Is not biology an information science? Does not the new biologist need to be a bioinformatician as well? Graur says we do not need to reinvent the wheel when it comes to basic science. (We'll be pursuing this question in an upcoming series, "The Bioinformatician Bottleneck")

Graur is currently working on a book about GMOs for the lay audience. He also shares his thoughts on gene patents, clinical genomes, and that marvelous "time waster", Twitter.

Podcast brought to you by: See your company name here. - Promote your organization by aligning it with today's latest trends.

Quality Is the Key, Says Veteran of Personalized Medicine

Guest: Dr. Larry Marton, Program Chair, PMWC

Bio and Contact Info

Chapters: (Advance the marker)

0:40 Building one of the first molecular diagnostics labs at UCSF

6:47 Where are we at with personalized medicine today?

11:27 What can we do to better quality assurance in the industry?

19:01 Using PMWC as a neutral place for dialogue between disparate groups

23:47 If you practice medicine better than the community, you can be in trouble

29:14 What can those in the industry do to better engage the medical community?

Our guest today has been focused on personalized medicine since before it was called that. Larry Marton is the former chair of the Department of Laboratory Medicine at UCSF. Helping to form the department back in the late 70's, Larry and his colleagues set out to transform a standard clinical laboratory into a place for cutting edge molecular research, a place where basic research could be done and translated into medical practice.

Today he's retired from UCSF, but "busier than ever before." He serves on various boards and is the program chair for the Personalized Medicine World Conference which takes place each January in Mountain View, CA. Anyone who has been to this conference knows the depth and breadth of Larry's contacts and influence in the industry. He says the PMWC is an important conference because it plays the role of "neutral broker" between the various stakeholders in the field: entrepreneurs, researchers, investors, regulators, physicians, and patients.

Larry's core message is that we must improve the quality of new clinical tests which have been translated from research. It is the key to demonstrating clinical relevance, he says. There are issues with sampling, with analytics, and with compliance. What can those in the industry do to better the quality assurance? And how can the industry better engage the medical community? A veteran shares his insights.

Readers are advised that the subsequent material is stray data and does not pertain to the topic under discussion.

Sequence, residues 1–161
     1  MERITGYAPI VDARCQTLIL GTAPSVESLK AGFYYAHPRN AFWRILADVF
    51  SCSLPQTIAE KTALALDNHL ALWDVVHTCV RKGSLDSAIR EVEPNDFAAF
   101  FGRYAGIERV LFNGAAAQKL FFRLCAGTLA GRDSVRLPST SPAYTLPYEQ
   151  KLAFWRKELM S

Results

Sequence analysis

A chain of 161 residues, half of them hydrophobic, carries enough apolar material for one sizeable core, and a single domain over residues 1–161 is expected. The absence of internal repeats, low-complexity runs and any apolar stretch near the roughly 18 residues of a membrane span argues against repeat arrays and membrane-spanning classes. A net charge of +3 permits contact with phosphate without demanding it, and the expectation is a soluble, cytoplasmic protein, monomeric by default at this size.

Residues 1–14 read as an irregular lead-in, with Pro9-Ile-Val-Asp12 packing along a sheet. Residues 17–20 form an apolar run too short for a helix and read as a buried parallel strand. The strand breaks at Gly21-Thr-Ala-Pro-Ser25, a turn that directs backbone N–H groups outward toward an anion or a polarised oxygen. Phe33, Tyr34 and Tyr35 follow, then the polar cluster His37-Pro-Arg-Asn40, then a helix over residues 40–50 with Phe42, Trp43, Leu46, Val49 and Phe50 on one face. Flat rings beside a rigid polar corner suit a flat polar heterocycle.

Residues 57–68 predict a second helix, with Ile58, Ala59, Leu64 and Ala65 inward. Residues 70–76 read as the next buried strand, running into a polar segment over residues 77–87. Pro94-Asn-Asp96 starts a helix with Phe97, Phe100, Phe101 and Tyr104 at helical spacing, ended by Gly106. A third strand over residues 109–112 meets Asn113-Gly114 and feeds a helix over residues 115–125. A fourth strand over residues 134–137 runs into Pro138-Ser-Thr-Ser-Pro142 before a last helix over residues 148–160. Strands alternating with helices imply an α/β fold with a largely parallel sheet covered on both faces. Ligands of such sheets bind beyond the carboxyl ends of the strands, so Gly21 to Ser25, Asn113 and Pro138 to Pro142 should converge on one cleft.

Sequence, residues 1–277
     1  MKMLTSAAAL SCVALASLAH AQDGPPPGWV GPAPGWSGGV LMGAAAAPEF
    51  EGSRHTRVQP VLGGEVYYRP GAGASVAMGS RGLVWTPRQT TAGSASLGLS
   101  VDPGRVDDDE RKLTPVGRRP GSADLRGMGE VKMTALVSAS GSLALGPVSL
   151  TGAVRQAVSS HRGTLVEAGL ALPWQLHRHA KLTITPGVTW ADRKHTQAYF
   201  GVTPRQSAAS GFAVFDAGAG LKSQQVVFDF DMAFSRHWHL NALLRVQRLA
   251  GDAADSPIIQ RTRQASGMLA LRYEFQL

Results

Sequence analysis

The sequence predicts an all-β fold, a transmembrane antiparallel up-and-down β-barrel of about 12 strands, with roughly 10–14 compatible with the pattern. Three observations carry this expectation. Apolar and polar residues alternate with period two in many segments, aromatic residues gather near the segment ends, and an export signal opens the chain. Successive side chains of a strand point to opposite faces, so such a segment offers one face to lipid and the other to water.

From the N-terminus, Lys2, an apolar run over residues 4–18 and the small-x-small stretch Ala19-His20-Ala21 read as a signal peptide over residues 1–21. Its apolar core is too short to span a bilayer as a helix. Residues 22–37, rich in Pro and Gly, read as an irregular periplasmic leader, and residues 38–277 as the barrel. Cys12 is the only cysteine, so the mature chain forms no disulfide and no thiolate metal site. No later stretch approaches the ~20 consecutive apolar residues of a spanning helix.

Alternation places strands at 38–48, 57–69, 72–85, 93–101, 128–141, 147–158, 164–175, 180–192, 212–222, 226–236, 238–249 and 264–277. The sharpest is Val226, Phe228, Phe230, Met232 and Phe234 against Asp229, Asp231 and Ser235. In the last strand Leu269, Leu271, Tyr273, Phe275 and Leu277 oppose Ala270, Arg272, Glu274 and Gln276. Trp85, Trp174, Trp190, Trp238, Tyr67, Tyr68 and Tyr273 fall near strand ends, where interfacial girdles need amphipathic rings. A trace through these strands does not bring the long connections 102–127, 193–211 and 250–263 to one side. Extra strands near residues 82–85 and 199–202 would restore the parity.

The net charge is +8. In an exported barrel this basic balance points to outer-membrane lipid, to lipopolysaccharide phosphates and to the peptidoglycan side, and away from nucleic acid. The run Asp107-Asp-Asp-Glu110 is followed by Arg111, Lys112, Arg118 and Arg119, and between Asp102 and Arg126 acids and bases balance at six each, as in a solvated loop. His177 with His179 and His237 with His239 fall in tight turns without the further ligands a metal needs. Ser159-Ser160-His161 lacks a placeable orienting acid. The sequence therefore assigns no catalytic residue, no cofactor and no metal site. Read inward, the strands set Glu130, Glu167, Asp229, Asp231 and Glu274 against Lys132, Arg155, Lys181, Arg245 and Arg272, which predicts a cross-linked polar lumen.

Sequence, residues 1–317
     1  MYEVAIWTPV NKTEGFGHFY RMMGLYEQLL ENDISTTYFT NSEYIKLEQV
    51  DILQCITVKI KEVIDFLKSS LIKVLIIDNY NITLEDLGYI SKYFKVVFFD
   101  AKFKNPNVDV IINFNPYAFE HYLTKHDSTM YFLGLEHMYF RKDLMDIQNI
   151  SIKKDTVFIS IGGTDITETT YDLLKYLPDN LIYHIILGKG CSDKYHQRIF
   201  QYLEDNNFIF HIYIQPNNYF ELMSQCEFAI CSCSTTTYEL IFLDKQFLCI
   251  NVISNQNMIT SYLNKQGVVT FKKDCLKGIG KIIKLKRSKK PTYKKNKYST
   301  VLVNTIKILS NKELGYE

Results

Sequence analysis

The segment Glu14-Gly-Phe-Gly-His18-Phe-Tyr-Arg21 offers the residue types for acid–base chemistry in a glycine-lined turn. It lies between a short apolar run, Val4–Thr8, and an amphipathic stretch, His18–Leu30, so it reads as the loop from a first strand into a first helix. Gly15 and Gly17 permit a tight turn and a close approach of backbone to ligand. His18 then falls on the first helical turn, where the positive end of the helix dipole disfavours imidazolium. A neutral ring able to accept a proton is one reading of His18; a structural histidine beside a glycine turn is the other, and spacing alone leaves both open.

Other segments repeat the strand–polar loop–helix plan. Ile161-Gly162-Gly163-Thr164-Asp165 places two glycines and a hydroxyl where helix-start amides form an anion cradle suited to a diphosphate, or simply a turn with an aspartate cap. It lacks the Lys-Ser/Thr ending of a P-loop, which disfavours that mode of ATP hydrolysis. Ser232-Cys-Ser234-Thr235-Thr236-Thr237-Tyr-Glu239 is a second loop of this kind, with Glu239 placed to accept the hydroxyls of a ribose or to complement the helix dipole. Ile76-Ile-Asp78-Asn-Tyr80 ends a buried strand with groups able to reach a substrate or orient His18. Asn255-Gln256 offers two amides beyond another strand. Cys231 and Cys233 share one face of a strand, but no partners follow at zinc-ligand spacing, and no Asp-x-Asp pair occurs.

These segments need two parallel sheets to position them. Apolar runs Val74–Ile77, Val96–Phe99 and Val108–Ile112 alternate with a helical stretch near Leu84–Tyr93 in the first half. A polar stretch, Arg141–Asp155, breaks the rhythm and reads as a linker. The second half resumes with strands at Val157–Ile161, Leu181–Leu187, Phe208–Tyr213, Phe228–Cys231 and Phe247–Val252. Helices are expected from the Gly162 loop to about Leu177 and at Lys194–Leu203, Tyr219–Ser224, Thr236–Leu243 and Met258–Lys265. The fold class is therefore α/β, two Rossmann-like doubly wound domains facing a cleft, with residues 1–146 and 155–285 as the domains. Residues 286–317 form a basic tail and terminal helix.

Podcast brought to you by: Chempetitive Group - "We love science. We love marketing. We love the idea of combining the two to make great things happen for your marketing communications."

Joel Dudley Discusses New Book, "Exploring Personal Genomics"

Guests:

Joel Dudley, Co-Author, Director of Biomedical Informatics, Mt. Sinai School of Medicine Bio and Contact Info

Listen (1:46) The bet on computation and genomics at Mt. Sinai Hospital

Listen (2:32) A new handbook, Exploring Personal Genomics

Listen (6:34) Who is the audience for the book?

Listen (4:05) What did you learn from the project?

Listen (3:25) How can the book help clinicians?

Listen (6:58) NuMedii and drug repurposing

One of the major obstacles to personalized medicine is that today's generation of clinicians are not up on the latest in genomics. Today's guest is a rising star in the world of genomic medicine who has written a book to address this issue. Coming from Atul Butte's lab at Stanford, then co-founding a company to commercialize algorithms for repurposing drugs, Joel Dudley is now working with Eric Schadt at Mt. Sinai Medical Center in New York. Joel was an author on one of the first papers to interpret a genome which put him on the front lines of genomic medicine. He's now taken this journey as a genomics hacker and put it into a handbook with co-author Konrad Karczewski, "Exploring Personal Genomics."

The book reviews the various sequencing technologies as well as the emerging bioinformatics platforms for analyzing the sequence data. Though full of technical detail and many images, some of which have never been seen in print, the two authors aimed for an audience such as clinicians who don't know that much about informatics or "Google and Facebook hackers" with little knowledge of biology. "We wanted to make it as accessible as possible," says Dudley in the interview, "but what we did not want it to be was a stuffy textbook . . . that would only be given out at universities."

Podcast brought to you by: Ingenuity Variant Analysis - Identify causal variants from human sequencing data in just hours.

Dietrich Stephan Hits the Refresh Button with SV Bio

Guests:

Dietrich Stephan, Founder, CEO, SV Bio Bio and Contact Info

Listen (5:24) What makes this the right time for SV Bio?

Listen (6:03) What does the SV Bio product look like?

Listen (2:38) Healthcare IT behind by several decades

Listen (6:52) How are you selling your product?